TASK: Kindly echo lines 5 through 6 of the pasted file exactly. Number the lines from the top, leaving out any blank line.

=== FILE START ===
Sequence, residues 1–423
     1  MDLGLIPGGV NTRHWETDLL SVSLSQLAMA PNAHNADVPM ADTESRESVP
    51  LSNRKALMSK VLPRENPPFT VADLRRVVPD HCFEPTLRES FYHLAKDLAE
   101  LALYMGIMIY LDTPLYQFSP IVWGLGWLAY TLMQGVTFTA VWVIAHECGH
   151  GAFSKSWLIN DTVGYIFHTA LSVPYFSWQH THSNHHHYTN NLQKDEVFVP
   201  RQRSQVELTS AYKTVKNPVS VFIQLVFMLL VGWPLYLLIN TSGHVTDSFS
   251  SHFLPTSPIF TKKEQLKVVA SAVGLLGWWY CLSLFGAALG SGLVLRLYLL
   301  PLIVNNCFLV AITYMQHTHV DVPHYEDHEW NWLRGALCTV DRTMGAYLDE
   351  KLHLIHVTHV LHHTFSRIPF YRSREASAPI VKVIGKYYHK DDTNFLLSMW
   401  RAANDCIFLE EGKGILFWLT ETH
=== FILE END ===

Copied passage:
   151  GAFSKSWLIN DTVGYIFHTA LSVPYFSWQH THSNHHHYTN NLQKDEVFVP
   201  RQRSQVELTS AYKTVKNPVS VFIQLVFMLL VGWPLYLLIN TSGHVTDSFS